Please don’t ask me for the actual answer to anything, because I don’t have it. Because all I do is look at stuff and ask questions. What can I say? I just think the world’s barking mad. Look, I’m not an expert. I’m just an ordinary person.
Ask yourself: Have you been kind today? Make kindness your daily modus operandi and change your world.
Women’s issues have always been a part of my life. My goal is to bring the word ‘feminism’ back into the zeitgeist and reframe it.
We all fight over what the label ‘feminism’ means but for me it’s about empowerment. It’s not about being more powerful than men – it’s about having equal rights with protection, support, justice. It’s about very basic things. It’s not a badge like a fashion item.
I think music is the most phenomenal platform for intellectual thought.
Humankind seems to have an enormous capacity for savagery, for brutality, for lack of empathy, for lack of compassion.
It’s not fair to compare one artist to another because they all come with their own sort of elements to the picnic, you know.
Having children, they’re not your property. They need to figure out their own views. I think my daughters have a pretty healthy self-awareness, but I can’t speak on their behalf.
In a sense, the music business and I haven’t always been the best of bedfellows. Artists often have to fight their corner. Your music goes through these filters of record labels and media, and you’re hoping you’ll find someone who’ll help you get your work into the world.
Dying is easy, it’s living that scares me to death.
I can’t understand why the front pages of newspapers can cover bird flu and swine flu and everybody is up in arms about that and we still haven’t really woken up to the fact that so many women in sub-Saharan Africa – 60 percent of people in – infected with HIV are women.
Most women are dissatisfied with their appearance – it’s the stuff that fuels the beauty and fashion industries.
I will go out of my way to avoid the shopping crowds and the extreme consumerism – I hate all that.
Life expectancy in many parts of Africa can be something around the age of thirty five to thirty eight. I mean you’re very fortunate if you live to that age. In fact when I went to Uganda for the first time one of the things that occurred to me was that I saw very few elderly people.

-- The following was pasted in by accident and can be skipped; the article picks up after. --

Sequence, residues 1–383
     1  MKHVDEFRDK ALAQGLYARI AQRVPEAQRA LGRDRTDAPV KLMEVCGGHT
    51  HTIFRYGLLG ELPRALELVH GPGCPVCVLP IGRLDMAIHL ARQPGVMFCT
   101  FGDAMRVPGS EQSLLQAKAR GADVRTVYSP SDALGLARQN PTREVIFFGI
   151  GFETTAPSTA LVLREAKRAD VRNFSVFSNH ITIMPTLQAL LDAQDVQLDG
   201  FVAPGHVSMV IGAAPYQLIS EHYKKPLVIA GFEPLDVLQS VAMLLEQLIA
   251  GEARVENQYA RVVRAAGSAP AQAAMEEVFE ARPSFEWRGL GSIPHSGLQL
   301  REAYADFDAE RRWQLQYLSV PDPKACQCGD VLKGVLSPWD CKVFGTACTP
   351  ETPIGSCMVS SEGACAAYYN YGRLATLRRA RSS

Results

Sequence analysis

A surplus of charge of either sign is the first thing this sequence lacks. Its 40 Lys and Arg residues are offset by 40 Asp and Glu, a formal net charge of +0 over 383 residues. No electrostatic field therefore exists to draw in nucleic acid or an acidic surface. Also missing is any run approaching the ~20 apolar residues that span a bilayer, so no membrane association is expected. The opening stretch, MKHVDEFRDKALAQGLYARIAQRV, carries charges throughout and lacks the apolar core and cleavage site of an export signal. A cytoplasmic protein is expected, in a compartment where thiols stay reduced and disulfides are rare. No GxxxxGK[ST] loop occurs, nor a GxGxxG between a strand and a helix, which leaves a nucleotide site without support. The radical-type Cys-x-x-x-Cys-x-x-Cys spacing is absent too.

I used to be obsessed about how I presented myself. I didn’t want other people dressing me because I didn’t want to be treated like a clothes horse.
I am fascinated by history and particularly the Victorian era.
I’m not really keen on comebacks. Eurythmics was an incredible thing. When I look back on that work, I feel very satisfied with it.
Motherhood was the great equaliser for me; I started to identify with everybody… as a mother, you have that impulse to wish that no child should ever be hurt, or abused, or go hungry, or not have opportunities in life.
The future hasn’t happened yet and the past is gone. So I think the only moment we have is right here and now, and I try to make the best of those moments, the moments that I’m in.
Our ancestors are totally essential to our every waking moment, although most of us don’t even have the faintest idea about their lives, their trials, their hardships or challenges.
When you go to Africa, and you see children, they’re usually barefoot, dirty and in rags, and they’d love to go to school.
For me, pointing and clicking my phone is absolutely fine. People say that isn’t the art of photography but I don’t agree.
I was perceiving myself as good as a man or equal to a man and as powerful and I wanted to look ambiguous because I thought that was a very interesting statement to make through the media. And it certainly did cause quite a few ripples and interest and shock waves.
There are two kinds of artists left: those who endorse Pepsi and those who simply won’t.
I have different hats; I’m a mother, I’m a woman, I’m a human being, I’m an artist and hopefully I’m an advocate. All of those plates are things I spin all the time.
Fame for fame’s sake is toxic – some people want that, with no boundaries. It’s unhealthy.
You just decide what your values are in life and what you are going to do, and then you feel like you count, and that makes life worth living. It makes my life meaningful.
I have a reputation for being cold and aloof, but I’m so not that woman. I’m passionate. I love my girls, being with my girlfriends, getting involved with issues that affect other women and children who are suffering.
Whatever you do, you do out of a passion.
The general population still thinks HIV is something that came in the 80s and went away, or that it only affects the gay population or intravenous drug users.
I love to be individual, to step beyond gender.
The word feminism needs to be taken back. It needs to be reclaimed in a way that is inclusive of men.
I’m not a saint. I’m not an angel. I’m a human being.
I’ve never been a social person. When I grew up, the other girls would all be combing their hair and exchanging lipstick, and I just couldn’t do that group thing.
You know, I would say that songwriting is something about the expression of the heart, the intellect and the soul.
I think my daughters have a pretty healthy self-awareness but I can’t speak on their behalf.
Charity is a fine thing if it’s meeting a gap where needs must be met and there are no other resources. But in the long term we need to support people into helping themselves.
I don’t think feminism is about the exclusion of men but their inclusion… we must face and address those issues, especially to include younger men and boys.